Ladder-shaped wire has perpendicular cross-rods butt welded at 16 inches on center to the longitudinal wires. It’s placed with cross-rods centered directly over the webs of the block (see Figure 1). Placement of ladder wire in this manner eliminates obstructions caused by diagonal cross-rods common with the truss shape, especially where block cells are designed to contain vertical bars (see Figure 2).
Another advantage of ladder wire is evident when grout is placed and consolidated. The absence of diagonal (truss) cross wires improves the flow and consolidation of grout. Typically, the masonry code requires block (hollow units) to be placed so vertical cells to be grouted are aligned, which provides an unobstructed path for grout flow (TMS 2011 Specification: Article 3.3 B. 3. D). According to NCMA TEK 12-2B, “….because the diagonal cross wires may interfere with the placement of vertical reinforcing steel and grout, truss-type joint reinforcement should not be used in reinforced or grouted walls.”
Ladder wire placed with cross rods centered directly over block webs has yet another distinctive advantage. It positions butt welded “T” intersections of each longitudinal wire with cross rods directly over “T” intersections, where block face shells meet each web. When laid in running bond pattern, two-cell block are placed with face shell (exterior and interior) mortar bedding only. Block webs are only mortar bedded adjacent to vertically reinforced cells. Face shell mortar bedding will extrude at the webs when compressed during block placement, completely encapsulating the wire “T” intersections, bonding the wire to the concrete masonry (see Figure 3). Hence, the net result should be improved shrinkage crack control.
Standard nine-gauge vs heavy-duty 3/16-inch
Besides its shape (truss or ladder), wire thickness is important in the placement process. The most common mortar joint thickness specified is 3/8 inch. The maximum wire diameter allowed by the masonry code would be one-half of the 3/8-inch mortar joint thickness, or 3/16 inch [TMS 2011 Code: Section 220.127.116.11]. However, there are compelling reasons to use the smaller size nine-gauge wire.
The masonry code tolerance for the placement of the mortar bed joint thickness is +/- 1/8 inch [TMS 2011 Specification: Article 3.3 F. 1. b.]. Therefore, a specified mortar joint of 3/8 inch would be allowed to vary from ½ to ¼ inch in thickness. With an as-built mortar joint thickness of ¼ to 3/8 inch, using heavy-duty 3/16-inch wire with hot dip galvanized coating [TMS 2011 Code: Section 18.104.22.168] could leave inadequate room for mortar cover encapsulation (see Figure 4) when considering the galvanized coating, the levelness of the top surface of the CMUs supporting the wire and the planeness of the wire.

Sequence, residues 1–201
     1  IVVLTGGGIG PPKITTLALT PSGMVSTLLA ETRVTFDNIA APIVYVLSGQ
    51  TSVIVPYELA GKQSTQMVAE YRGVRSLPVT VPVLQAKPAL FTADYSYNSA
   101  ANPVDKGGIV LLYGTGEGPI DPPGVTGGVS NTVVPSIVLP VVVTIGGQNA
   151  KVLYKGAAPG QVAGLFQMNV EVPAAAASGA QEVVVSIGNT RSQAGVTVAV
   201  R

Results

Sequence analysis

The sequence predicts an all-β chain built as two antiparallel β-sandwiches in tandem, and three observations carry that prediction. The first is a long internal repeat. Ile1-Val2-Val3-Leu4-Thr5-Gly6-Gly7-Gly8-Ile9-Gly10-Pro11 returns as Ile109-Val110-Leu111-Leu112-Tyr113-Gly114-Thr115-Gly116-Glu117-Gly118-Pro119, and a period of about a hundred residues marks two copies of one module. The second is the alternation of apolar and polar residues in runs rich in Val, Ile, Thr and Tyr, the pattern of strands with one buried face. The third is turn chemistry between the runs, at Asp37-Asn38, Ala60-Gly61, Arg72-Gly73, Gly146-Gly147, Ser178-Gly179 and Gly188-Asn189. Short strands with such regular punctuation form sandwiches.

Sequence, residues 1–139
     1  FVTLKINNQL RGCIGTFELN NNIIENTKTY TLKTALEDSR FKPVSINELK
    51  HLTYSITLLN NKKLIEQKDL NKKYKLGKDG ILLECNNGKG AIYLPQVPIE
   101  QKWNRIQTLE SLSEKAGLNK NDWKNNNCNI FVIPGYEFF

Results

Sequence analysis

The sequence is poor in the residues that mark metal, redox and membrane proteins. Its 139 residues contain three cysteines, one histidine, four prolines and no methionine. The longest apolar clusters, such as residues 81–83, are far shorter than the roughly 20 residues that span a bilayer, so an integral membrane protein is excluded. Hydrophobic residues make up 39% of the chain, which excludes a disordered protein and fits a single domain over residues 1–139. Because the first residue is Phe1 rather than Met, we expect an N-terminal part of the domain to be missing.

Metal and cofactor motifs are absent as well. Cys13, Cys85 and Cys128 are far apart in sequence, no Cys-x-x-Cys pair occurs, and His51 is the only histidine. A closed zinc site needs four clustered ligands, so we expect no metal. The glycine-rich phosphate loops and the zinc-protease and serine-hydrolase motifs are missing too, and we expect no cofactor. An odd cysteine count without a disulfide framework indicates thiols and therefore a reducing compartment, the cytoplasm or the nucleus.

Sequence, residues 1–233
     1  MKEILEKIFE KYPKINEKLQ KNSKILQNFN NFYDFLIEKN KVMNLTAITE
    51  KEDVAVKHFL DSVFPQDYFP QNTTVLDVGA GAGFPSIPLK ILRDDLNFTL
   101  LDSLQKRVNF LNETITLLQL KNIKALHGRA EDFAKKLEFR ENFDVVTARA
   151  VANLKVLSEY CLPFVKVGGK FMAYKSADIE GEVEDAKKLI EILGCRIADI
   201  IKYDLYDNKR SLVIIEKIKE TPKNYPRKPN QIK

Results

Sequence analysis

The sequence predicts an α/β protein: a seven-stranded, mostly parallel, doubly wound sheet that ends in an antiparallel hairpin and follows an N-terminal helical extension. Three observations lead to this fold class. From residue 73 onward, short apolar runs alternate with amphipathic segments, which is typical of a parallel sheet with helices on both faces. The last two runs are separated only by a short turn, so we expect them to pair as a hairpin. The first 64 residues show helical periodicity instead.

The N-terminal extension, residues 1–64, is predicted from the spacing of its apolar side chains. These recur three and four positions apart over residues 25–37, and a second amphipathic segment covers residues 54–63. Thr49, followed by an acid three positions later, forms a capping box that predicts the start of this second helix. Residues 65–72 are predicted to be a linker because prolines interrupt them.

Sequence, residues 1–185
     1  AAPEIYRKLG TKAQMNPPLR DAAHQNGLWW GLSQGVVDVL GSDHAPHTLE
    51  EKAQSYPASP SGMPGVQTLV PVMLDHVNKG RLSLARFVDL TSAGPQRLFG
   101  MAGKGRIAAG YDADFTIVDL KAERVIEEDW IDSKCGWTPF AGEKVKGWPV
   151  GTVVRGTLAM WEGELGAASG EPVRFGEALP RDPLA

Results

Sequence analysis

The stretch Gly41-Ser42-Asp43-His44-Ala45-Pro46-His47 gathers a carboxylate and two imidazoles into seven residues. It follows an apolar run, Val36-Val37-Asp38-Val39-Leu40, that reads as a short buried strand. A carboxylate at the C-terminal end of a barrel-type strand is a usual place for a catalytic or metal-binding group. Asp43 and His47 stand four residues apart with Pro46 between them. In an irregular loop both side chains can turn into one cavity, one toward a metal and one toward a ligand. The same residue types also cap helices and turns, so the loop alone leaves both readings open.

Quite literally, block could be placed directly on the wire (block on wire on block). According to an article by Mario J. Catani in the January 1995 Masonry Construction magazine entitled, “Selecting the Right Joint Reinforcement for the Job,” he states, “One compelling reason to use nine-gauge reinforcement is for fit and constructability. While the code allows joint reinforcement to have a diameter one half the mortar joint width, the tolerances allowed for units, joints and the wire itself can hinder the placement of large diameter reinforcement. Use it only when there is no other choice.”
There is some debate regarding the merits of ordering factory prefabricated inside and outside corners versus field-forming them. Since the TMS Code does not distinguish the merits of either method (and, indeed, barely recognizes them), some commentary is warranted. The industry standard for lapping wire reinforcement at any location is always the same: It requires at least six inches, whether lapping straight 10-foot sections one to another, or where a straight section meets a corner (TMS 2011 Specification: Article 3.4 B.10.b). This requirement also can be applied to field-formed corners. The inside longitudinal wire can be cut and bent to form a 90-degree angle with a minimum of six inches of lap paralleling the newly formed inside longitudinal wire (see Figure 5).